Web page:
I’m spending a ouple of hours every day lying around while my leg is emptied of all the lymph that accumulates during the day, and while I’ve never been much for podcasts, I found one that I’m really enjoying.
If The Walls Could Talk is about Edgewater Hospital, at ome time one of the best community hospitals in the country. It was founded by Dr. Maurice Mazel in 1929 and was the birthplace of a couple of (in)famous Chicagoans, Hillary Rodham Clinton and John Wayne Gacy. Dr. Mazel ran the hospital until his death in 1979, after which it was run by his wife, who didn’t know much about medicine or how to run a hospital, and was sold in the late 1980’s to a man named Peter Rogan. It closed in 2001 under a cloud of insurance and Medicare/Medicaid fraud and allegations of murder. The buildings were left to rot until a few years ago, when they were torn down or repurposed.
It’s a compelling story for a number of reasons. People who had worked at the hospital were interviewed for the podcast, and you can tell the pride that they had in it and just how emotionally attached they were to it. It was ahead of its time, with a helipad on the roof and a burn unit, and they set a standard for pre- and post-natal care. It was run like a hotel: patients were treated as guests, there were bellhops who took the patients’ bags to their room, the meals were topnotch, and patients were pampered. From a personal perspective, I grew up within a mile of the hospital, and knew kids who had either been patients there or had relatives that had been.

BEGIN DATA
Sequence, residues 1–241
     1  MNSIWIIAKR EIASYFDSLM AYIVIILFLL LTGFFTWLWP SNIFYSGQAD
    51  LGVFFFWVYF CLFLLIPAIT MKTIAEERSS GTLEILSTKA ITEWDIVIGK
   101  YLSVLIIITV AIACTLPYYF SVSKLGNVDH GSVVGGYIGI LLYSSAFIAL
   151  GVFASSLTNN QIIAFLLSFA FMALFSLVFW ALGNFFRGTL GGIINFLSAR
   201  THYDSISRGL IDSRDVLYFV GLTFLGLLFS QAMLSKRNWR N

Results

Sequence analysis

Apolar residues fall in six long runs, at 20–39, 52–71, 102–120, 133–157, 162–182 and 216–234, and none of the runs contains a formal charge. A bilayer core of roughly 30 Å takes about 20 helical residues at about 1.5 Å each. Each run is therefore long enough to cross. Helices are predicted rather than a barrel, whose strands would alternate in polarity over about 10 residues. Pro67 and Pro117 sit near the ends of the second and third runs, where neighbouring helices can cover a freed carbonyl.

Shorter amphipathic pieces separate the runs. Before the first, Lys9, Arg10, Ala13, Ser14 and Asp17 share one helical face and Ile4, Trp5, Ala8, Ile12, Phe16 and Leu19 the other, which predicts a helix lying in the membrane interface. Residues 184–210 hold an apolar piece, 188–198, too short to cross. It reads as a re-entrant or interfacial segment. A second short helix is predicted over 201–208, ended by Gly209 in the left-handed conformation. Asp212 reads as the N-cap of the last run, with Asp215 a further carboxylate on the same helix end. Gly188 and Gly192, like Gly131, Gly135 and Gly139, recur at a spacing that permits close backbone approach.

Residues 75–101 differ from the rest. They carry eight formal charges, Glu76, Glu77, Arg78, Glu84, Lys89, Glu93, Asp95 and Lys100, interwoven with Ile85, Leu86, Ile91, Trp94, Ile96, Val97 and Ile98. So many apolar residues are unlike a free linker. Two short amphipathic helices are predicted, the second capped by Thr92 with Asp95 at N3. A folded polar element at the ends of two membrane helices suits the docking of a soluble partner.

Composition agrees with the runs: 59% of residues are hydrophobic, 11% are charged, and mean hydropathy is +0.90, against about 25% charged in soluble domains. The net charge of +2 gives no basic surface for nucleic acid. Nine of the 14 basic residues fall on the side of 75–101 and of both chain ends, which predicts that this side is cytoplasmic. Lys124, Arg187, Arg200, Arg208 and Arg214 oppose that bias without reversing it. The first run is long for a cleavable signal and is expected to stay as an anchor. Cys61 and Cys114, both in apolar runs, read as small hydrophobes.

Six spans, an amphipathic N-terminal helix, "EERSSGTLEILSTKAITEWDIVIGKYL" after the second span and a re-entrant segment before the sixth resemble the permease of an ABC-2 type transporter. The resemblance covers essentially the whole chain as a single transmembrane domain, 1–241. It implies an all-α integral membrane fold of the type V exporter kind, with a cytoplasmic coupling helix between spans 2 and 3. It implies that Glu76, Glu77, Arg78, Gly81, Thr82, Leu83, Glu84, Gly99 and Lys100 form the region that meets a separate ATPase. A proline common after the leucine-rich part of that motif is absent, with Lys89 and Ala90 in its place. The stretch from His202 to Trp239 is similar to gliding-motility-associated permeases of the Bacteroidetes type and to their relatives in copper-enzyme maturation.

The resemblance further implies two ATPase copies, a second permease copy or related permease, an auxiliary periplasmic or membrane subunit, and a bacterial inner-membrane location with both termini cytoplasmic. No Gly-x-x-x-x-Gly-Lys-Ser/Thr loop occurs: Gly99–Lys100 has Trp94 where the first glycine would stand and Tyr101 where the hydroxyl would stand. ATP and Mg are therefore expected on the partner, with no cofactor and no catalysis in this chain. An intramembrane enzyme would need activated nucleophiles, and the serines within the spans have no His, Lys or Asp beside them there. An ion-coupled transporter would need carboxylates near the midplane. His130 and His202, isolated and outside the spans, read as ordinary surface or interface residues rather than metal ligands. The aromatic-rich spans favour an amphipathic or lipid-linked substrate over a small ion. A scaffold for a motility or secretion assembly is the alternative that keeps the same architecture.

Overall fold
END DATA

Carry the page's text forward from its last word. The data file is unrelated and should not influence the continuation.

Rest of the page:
The people who wrote and narrate the podcast are two veteran Chicago journalists, Todd Ganz and Stephani Young. Todd was curious as to what had happened to the hospital, and had started researching that when he lost his full-time job thanks to Covid-19. It’s well researched and written and so far tells a great story. The podcast has a website and a Patreon page. It’s a well-done series and the story is compelling. I recommend it highly.